The Tunguska Event was an explosion that occurred in the skies above Eastern Siberia on 30 June 1908. The blast flattened around 700 square miles (2000 square kilometers) of forest. The lower end estimates for the force of the explosion are about 200 times that of the atomic bomb dropped on Hiroshima. The blast was probably the result of a meteor or comet exploding in the atmosphere a few miles above the Earth’s surface.

Fanciful and dubious alternative explanations for the event ranging from an impact by a small piece of antimatter to a crashed alien spaceship have been put forth.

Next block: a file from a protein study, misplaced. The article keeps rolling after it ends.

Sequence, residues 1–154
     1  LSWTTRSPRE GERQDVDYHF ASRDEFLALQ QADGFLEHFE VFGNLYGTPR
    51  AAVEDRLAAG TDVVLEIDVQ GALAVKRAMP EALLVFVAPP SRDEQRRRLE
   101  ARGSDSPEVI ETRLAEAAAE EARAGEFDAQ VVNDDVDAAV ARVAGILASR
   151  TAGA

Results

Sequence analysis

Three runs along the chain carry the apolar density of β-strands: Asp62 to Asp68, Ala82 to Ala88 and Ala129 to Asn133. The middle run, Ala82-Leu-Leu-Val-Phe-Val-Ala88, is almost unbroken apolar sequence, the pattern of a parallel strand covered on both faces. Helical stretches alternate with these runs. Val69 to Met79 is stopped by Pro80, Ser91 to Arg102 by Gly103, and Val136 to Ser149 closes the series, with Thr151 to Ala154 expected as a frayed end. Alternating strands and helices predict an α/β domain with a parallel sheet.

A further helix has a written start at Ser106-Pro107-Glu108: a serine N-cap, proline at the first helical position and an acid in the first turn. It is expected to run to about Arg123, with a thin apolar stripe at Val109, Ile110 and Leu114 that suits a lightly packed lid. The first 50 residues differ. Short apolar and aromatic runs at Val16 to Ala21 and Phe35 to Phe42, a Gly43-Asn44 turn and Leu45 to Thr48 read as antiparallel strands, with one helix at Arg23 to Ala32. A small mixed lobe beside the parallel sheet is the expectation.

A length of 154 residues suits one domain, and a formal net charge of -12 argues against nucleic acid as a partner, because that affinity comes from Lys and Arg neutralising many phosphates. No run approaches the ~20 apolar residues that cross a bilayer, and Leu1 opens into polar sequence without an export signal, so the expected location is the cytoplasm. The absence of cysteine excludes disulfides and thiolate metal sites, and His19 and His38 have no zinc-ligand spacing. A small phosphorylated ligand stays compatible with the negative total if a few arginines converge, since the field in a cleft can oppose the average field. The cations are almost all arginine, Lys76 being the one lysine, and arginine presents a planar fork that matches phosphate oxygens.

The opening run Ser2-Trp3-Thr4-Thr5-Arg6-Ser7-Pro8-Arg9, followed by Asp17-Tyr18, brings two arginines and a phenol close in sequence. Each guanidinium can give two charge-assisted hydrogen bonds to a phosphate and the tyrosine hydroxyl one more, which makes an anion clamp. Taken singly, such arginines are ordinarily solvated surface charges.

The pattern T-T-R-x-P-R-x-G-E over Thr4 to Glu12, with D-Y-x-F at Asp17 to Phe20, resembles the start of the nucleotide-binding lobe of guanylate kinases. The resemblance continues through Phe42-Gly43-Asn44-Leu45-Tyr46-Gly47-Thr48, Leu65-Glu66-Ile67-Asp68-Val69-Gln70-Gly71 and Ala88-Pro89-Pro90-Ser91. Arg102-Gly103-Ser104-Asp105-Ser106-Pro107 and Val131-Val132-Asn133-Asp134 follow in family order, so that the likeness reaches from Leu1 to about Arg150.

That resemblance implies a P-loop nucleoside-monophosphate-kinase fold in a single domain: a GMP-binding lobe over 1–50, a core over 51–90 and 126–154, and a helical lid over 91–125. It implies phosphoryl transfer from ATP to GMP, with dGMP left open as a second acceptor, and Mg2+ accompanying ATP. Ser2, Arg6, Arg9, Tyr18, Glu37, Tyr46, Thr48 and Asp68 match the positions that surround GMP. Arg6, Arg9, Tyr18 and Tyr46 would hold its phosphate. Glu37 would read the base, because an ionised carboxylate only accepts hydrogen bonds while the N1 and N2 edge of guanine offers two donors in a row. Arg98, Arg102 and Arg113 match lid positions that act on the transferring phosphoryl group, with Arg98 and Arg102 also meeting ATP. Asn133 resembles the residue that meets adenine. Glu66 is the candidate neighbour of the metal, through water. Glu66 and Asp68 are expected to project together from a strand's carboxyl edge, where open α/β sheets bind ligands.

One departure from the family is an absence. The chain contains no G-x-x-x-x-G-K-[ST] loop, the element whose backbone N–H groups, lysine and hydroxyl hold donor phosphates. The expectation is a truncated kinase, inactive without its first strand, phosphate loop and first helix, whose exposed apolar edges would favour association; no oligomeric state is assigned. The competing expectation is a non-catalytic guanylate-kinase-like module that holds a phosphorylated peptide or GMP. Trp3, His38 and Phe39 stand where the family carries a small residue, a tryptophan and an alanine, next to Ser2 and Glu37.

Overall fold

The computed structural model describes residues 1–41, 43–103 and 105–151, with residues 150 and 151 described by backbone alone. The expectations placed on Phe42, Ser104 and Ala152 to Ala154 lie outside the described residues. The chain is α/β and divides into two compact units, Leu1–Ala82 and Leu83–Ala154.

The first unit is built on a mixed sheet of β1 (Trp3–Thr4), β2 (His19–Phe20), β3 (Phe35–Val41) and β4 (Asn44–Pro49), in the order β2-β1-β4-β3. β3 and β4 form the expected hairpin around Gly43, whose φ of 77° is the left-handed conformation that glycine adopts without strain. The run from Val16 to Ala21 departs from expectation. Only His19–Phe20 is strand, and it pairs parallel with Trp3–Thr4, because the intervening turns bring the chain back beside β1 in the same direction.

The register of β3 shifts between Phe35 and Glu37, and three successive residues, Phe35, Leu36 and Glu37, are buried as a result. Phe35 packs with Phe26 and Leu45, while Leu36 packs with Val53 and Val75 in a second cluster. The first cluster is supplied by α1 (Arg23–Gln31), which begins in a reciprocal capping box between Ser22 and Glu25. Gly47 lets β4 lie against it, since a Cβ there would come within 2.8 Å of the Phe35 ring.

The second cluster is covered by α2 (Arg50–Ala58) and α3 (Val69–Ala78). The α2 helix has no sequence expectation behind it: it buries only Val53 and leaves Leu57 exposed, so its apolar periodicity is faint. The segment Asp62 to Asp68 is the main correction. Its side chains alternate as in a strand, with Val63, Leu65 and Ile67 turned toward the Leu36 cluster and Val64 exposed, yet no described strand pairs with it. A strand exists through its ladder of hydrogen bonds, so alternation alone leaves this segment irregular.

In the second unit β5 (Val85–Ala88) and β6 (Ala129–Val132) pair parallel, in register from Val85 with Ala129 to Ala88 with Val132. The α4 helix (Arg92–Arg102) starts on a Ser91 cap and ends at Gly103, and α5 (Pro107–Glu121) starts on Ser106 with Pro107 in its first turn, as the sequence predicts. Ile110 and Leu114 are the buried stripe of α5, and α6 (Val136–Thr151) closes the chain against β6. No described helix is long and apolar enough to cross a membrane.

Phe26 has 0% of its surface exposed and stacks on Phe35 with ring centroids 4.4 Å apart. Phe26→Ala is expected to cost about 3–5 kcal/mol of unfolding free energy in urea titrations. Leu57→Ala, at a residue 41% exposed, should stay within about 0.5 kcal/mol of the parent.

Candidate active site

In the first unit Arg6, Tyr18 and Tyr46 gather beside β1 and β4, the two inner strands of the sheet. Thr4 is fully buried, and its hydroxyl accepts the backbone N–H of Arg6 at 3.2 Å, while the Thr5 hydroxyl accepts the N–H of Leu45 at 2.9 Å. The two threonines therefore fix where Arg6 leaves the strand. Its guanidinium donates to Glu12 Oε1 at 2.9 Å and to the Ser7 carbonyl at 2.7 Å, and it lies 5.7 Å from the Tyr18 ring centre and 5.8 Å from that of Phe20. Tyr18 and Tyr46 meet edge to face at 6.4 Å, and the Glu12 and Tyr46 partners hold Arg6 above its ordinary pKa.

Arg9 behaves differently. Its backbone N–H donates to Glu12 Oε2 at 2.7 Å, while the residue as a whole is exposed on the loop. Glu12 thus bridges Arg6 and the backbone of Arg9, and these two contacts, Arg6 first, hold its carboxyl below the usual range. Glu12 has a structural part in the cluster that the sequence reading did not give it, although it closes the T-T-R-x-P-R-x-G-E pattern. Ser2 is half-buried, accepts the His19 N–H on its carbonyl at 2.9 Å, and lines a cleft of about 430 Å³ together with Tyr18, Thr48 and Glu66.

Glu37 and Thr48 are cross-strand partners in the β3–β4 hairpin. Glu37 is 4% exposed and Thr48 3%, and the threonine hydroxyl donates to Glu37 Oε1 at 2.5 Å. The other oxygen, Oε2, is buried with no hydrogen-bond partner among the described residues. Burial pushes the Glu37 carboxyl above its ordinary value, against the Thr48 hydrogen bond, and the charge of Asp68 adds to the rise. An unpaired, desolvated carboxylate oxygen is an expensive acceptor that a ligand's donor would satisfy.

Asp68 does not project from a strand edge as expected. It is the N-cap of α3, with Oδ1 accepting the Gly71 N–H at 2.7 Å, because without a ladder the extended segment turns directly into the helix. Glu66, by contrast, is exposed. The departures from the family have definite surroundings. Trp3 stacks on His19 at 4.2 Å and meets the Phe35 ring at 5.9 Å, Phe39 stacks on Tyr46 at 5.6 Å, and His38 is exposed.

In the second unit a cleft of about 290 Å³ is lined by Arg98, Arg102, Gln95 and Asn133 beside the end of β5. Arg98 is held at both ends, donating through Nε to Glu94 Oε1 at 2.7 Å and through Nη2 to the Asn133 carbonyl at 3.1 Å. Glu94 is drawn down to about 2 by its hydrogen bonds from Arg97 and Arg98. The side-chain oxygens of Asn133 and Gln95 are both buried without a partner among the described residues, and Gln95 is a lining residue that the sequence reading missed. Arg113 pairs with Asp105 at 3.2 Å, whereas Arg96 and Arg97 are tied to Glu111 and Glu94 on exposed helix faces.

When Russian mineralogist Leonid Kulik led an expedition to the area in 1927, the damage was still evident.

The Tunguska Event has been incorporated into numerous works of science fiction. It has also served as a cautionary reminder that Earth has been and will continue to be periodically struck by large extraterrestrial objects like asteroids that have the potential to cause severe damage to both civilization and the environment, including triggering mass extinction events.

Developing the technological capability of detecting and diverting objects massive enough to cause planetary devastation is something that will, sooner or later, be necessary if global catastrophe is to be averted.